1. Alondra, you have an inspiring story! Good for you, and good for your sister as well! I loved reading this post, especially of your experience in kindergarten as you were learning the English language. My Spanish is rudimentary, but I took three years of it in high school under a wonderful teacher. My junior year in Spanish III, I had a class of two; myself and another boy. I come from a small town, but every year our elementary school is growing and we are getting in a lot of Spanish-speaking students. On Mondays we would head over to the morning preschool class and we would teach Spanish to all of the students. It was so exciting to see both English students soaking up the language like a sponge, and the Spanish students’ eyes lighting up at the fact that someone understood them. It was a rewarding experience, and it humbled me as a future teacher. It is not always going to be easy, but it is so necessary to include Spanish speaking students in all activities and do my best to help them feel as though they are no different. Thank you for sharing your experiences.

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    • I really liked that you would go into the preschool and teach kids some Spanish. That’s so exciting, I wish that we would have had that in our school, especially since our high school does offer Spanish as a requirement.

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  2. I can’t even begin to imagine how difficult it must have been to not know a language and be thrown into a learning environment where they only spoke that language. I hope that some day learning multiple languages will be required at a young age, I think that would benefit us as a country in the long run.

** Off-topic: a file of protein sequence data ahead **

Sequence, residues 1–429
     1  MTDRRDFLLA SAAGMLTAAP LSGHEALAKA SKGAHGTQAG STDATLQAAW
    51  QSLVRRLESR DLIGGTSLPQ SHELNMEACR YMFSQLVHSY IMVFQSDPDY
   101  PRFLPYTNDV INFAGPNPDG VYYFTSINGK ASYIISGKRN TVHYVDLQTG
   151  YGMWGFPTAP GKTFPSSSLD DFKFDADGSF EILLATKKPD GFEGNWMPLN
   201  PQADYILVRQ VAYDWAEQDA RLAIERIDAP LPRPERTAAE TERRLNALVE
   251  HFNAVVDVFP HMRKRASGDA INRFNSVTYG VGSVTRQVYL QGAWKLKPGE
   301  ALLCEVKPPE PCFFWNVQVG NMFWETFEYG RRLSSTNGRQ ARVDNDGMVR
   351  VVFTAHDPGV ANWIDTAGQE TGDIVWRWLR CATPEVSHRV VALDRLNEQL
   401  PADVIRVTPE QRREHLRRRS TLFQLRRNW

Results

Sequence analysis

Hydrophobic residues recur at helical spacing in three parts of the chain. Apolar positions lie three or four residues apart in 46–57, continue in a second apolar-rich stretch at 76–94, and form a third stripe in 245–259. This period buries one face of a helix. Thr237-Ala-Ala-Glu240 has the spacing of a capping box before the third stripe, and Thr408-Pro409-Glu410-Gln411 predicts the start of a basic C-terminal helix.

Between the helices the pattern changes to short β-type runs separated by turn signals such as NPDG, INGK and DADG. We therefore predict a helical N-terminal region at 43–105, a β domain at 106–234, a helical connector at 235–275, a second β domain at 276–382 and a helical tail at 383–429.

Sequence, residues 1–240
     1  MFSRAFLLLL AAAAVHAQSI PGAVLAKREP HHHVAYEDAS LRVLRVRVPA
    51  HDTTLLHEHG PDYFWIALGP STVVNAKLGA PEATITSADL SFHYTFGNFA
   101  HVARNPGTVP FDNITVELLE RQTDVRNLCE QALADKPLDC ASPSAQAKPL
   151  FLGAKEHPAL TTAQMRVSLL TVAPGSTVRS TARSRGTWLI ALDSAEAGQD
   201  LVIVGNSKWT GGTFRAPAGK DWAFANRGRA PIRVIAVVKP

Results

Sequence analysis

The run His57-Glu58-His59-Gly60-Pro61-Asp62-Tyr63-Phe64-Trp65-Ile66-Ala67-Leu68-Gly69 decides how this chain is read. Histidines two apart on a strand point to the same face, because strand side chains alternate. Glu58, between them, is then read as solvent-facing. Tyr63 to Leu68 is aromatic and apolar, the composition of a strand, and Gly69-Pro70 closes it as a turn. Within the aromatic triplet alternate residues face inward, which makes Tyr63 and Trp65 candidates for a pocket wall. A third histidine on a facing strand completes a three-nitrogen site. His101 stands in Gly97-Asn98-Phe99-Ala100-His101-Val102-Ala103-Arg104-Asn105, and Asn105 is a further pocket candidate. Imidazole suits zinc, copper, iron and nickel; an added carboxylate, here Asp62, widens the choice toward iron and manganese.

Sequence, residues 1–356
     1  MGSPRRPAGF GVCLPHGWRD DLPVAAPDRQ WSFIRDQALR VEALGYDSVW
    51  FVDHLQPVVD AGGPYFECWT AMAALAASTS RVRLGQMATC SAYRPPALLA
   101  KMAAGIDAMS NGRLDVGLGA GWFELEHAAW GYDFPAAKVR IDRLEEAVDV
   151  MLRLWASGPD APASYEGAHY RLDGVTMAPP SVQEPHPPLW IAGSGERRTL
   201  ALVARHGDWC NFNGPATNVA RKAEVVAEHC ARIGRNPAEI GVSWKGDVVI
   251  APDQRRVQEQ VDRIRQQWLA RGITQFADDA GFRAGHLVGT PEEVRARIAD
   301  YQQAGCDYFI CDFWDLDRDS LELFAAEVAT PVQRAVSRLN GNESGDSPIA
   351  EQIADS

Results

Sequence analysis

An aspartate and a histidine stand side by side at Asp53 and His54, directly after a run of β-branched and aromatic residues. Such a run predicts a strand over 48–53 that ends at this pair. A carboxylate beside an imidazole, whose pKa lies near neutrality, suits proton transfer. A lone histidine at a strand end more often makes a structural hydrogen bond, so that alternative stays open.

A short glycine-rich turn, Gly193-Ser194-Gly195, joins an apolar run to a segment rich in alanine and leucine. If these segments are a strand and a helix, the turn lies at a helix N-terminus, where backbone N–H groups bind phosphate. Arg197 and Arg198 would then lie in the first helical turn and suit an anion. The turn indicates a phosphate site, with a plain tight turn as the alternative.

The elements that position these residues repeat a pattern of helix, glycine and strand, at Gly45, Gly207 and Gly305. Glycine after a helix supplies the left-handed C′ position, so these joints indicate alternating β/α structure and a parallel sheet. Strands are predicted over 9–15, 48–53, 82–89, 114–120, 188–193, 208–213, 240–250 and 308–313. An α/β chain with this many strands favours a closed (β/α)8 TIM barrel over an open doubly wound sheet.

It sounds like you’ve faced and overcame many obstacles in your life, especially as a learner. Great post!

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    • Thank you, I think that since we are required to learn a new language in high school, it might be more beneficial to start younger, because that kind of stuff sticks to you at a younger age, but I guess we will see. I’m sure not a lot of parents would be happy if that were to change.

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    • It honestly did, To this day this teacher continues to make an impact on ELL learners in the school. I know this because even though my sisters are pretty fluent, they still go and read with her and learn new words with her, and they love her just as much as I do. I will forever be so grateful to have encountered a teacher like her my first year.

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  3. It was enjoyable reading your post! I can so relate to you in the fact that Spanish was my first language. The transistion is difficult because the structure is hard to learn. However like all things, learning at a younger age is simpler than trying to learn it later in life. Still, not being able to properly communicate with peers is something made me terribly sad. It’s crazy to see how far you come and still the whole journey that lies ahead. Best of luck in your teaching endeavors!

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    • It’s always good to hear about other people that were in the same situation as me a few years ago. I agree with you 100%, learning something new at a young age is so much easier than trying to learn it later on in life. I see this within my little sisters and my parents. My sisters are so young but I feel like they know more English than Spanish now, and my parents have been here for over 20 years and they still haven’t been able to speak the language.

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  4. serendipitousencountersblog says:

    You are an inspiration! I admire your drive and dedication to be an inspiration to your younger sisters and your parents. You are going to be an excellent teacher if you take this mindset into the classroom. Getting an associate’s degree is tough enough, but to do it while still in high school is just amazing! Thank you for sharing your learning story!

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  5. I enjoyed learning more about you, Alondra! I can’t imagine learning a whole new language in kindergarten. It sounds like your hard work and determination has taken you far, and I’m sure you will continue reaching more goals and continue making your family proud. Good for you! 🙂